A post was made to kiwibiker and about the sore hands issue. I needed to know if this was an issue that would go away or should I consider a different style of bike. Kiwibiker is a great forum and within minutes there was a response and during the next few days many more.

Saturday morning I headed to the Honda dealer to test ride a 900 Hornet. This is a great bike and after a few minutes my fears of not wanting to get back into bikes disappeared. The test ride was from Lower Hutt up the motorway and across Heywards hill to the roundabout at Pauatahanui and back. I had all but made up my mind that this bike will be the one to buy but had planned to ride a GSR600 and the SV650S again at Wellington Motorcycles. So headed off to Wellington (driving a more than half decent car - Ford XR6) and couldn't hear the motor after riding the bike.

First ride was on the GSR600. A lovely bike, very smooth through the gears and easy to ride. I took the bike through the tunnel and down to Lyall Bay followed by a cruise around the coast, back for a squirt along Cobham Drive to the roundabout and back around Evans Bay, Oriental Bay and return to the shop. At that stage I had again almost made up my mind that the Hornet was the first choice simply as it had more low rev torque. Also the Suzuki was a bit scary; around Evans Bay I got the revs up a bit and when I tweeked the throttle there was instantaneous response and the motor revs were about 8000 revs below the red line, so what would it be like at higher revs? I considered the lower revving V twin in the naked SV would suit me better than this inline 4.

Back at the shop and after a bit of discussion with Hamish about the chance of a decent price reduction on the naked SV1000 (way overpriced) I took the SV650S for another run. This run was simply so I could get another feel of the V twin. By the time I was a few minutes down the road I thought this is not too bad a bike; sure is a great motor with heaps of torque at any revs and the riding position is okay. I was feeling relaxed and had positioned myself on the bike with my knees clamping the tank and little weight on my hands. This from some advice given on kiwibiker.

I was getting more comfortable, this was a great little bike and I headed around from Lyall Bay to Owhiro Bay for the winding bits and the faster section of road leading back from Owhiro to Brooklyn. I am sure that last time I was on that road it was 100kph but it now had 70kph signs. Well let's ignore the signs I need to know how well the fairing works at a decent turn of speed; so a couple of runs were made up and down this stretch. Did I say I was exceeding the speed limit? By now I had decided that my concerns about the riding position were ill founded and the SV1000S was the bike to buy.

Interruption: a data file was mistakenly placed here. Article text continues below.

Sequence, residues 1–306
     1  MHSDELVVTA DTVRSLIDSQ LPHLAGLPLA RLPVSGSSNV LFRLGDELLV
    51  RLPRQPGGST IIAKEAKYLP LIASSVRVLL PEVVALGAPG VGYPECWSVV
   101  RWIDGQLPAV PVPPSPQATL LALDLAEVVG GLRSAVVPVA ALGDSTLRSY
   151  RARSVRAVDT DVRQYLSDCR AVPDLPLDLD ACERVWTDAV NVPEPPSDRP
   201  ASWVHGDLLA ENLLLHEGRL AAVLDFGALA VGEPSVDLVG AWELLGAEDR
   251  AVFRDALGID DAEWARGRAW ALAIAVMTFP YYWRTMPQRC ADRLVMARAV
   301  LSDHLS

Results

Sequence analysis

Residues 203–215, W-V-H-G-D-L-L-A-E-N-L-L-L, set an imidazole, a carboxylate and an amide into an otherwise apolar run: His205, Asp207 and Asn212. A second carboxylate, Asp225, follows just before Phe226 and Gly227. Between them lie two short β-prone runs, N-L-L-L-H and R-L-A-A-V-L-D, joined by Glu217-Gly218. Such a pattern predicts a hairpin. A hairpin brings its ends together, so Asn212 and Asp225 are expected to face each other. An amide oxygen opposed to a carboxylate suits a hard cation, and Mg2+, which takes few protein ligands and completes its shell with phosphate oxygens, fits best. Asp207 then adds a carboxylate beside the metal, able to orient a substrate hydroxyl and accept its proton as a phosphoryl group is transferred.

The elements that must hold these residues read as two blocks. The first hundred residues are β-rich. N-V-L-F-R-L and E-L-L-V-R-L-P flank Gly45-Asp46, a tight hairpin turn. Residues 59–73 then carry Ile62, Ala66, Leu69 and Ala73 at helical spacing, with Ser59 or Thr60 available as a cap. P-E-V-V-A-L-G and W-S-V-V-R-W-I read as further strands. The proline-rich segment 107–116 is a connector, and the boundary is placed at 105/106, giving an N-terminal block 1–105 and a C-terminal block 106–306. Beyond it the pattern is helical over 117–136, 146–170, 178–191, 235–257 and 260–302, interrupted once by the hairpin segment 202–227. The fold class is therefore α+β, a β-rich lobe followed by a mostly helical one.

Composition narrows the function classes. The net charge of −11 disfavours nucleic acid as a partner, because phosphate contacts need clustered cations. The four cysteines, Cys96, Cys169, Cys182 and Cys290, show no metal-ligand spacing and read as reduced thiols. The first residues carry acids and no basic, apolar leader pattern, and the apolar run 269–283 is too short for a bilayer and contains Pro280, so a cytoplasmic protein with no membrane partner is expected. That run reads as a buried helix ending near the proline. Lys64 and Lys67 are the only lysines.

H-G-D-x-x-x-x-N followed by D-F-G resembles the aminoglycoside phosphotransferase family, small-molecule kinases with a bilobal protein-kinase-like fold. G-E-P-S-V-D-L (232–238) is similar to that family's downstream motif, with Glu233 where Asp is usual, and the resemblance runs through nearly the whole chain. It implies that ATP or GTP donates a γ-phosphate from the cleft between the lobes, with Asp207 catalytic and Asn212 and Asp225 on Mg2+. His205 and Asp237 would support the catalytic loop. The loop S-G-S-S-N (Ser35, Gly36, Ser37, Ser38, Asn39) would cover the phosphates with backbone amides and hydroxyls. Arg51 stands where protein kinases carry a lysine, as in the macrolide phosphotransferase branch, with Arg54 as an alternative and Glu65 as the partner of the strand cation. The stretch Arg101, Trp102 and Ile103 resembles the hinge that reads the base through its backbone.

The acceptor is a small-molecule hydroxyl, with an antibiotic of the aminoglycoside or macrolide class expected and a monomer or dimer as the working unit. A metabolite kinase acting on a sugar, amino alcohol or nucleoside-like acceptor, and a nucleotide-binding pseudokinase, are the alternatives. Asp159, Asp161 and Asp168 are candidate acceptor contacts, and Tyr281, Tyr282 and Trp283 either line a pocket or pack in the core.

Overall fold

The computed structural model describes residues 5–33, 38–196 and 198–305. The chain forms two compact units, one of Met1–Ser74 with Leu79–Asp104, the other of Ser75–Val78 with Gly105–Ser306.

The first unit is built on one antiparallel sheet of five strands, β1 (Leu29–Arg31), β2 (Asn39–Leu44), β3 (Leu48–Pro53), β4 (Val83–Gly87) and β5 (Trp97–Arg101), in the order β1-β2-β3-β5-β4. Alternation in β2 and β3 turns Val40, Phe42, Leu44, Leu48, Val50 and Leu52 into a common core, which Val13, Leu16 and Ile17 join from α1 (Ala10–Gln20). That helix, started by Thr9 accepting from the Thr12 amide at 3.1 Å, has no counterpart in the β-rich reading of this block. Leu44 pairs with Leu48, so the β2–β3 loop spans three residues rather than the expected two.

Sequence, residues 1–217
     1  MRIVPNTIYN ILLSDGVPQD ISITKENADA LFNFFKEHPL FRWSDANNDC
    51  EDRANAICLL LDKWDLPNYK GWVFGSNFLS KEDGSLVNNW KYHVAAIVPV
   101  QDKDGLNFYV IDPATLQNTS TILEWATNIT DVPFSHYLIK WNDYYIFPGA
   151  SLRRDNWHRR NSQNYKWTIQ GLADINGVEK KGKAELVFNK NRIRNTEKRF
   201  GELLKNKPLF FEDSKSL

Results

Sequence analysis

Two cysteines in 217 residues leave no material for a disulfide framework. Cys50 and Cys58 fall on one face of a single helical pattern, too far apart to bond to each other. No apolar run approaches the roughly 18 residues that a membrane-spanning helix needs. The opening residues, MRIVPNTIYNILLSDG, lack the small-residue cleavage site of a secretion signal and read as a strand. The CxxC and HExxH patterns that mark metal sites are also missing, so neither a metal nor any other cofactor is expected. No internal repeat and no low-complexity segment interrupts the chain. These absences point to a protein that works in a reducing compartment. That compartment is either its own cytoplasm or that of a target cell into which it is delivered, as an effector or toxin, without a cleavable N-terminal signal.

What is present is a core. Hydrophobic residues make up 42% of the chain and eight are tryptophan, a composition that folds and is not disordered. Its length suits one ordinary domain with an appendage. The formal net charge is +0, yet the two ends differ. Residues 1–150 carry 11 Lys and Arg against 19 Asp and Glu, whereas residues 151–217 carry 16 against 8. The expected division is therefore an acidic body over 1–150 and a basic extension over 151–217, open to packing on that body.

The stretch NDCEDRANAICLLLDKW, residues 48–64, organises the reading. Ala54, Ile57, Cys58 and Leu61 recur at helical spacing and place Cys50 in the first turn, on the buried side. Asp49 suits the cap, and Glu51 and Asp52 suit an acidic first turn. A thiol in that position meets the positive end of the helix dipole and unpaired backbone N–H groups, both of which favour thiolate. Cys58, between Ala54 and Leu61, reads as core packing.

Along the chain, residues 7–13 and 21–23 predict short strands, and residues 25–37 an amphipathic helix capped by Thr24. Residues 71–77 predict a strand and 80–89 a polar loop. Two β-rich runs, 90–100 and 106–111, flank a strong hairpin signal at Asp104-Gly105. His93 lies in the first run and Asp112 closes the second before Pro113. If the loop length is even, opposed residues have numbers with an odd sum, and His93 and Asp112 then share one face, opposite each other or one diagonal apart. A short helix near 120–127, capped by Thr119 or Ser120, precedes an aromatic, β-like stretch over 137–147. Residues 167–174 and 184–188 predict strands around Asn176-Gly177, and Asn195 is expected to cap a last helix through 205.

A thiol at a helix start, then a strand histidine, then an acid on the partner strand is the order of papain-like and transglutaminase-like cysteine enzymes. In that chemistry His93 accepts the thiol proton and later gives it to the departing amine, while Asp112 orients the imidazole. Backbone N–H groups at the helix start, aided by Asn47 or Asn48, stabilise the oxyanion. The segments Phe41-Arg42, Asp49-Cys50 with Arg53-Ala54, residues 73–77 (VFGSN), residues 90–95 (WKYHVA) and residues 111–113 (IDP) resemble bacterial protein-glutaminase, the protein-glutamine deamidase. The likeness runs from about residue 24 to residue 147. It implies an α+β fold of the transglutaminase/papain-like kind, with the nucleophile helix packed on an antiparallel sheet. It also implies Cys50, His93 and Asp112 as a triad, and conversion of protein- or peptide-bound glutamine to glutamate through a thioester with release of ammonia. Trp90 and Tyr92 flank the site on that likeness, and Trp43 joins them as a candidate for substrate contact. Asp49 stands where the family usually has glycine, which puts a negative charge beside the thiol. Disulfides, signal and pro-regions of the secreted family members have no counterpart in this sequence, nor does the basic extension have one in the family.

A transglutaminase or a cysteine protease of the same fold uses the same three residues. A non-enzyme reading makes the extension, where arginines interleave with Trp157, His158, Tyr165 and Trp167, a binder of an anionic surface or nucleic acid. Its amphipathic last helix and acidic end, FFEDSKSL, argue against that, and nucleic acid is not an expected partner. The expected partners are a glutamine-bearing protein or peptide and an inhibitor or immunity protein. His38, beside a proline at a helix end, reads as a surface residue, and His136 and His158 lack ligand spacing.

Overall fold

Back at the shop it was simply a matter of stating the obvious; I will buy the 1000 and pick it up next week.
Here is a picture of it:

The next couple of hours were spent selecting all the gear I needed and while doing that Alan turned up on his Harley. The day was finished with 3pm lunch with Alan at the cafe next door and more bike talk.

A time before the decision to return to biking

My first bike was purchased second hand while at school. It was a Francis Barnett of 200cc. This was not exactly a rocket but provided an introduction to motorcycling.

A car followed and then about five years later I bought another motorcycle. It was a Yamaha 250 two stroke twin YDS250. The Yamaha was a fun bike but needed revs, was thirsty and had a distinctive yowling sound as the revs rose under acceleration.

This bike was used on fine days for the high speed commute between Havelock North and Napier. Back then cops didn't worry about speed and would give a warning wave of acknowledgment as the Yamaha howled past at maximum revs down the Awatoto straight.

The Yamaha was changed for an Austin Healy Sprite and that was the end of my motorcycling for some ten years. Marriage followed shortly after and a more 'sensible' car.

The next bike was a new Yamaha SR250 single bought as a commuter. This was an excellent bike for around town and a great for the run to work and back except in poor weather which was often the case in New Plymouth where we lived. A few years and this bike was replaced with a car as having to dress up for the horrid New Plymouth weather took its toll on the pleasure of motorcycling.

22 years later and having moved from New Plymouth to Wellington and our two girls having grown into adulthood and left not just home but the country the call of motorcycling returned.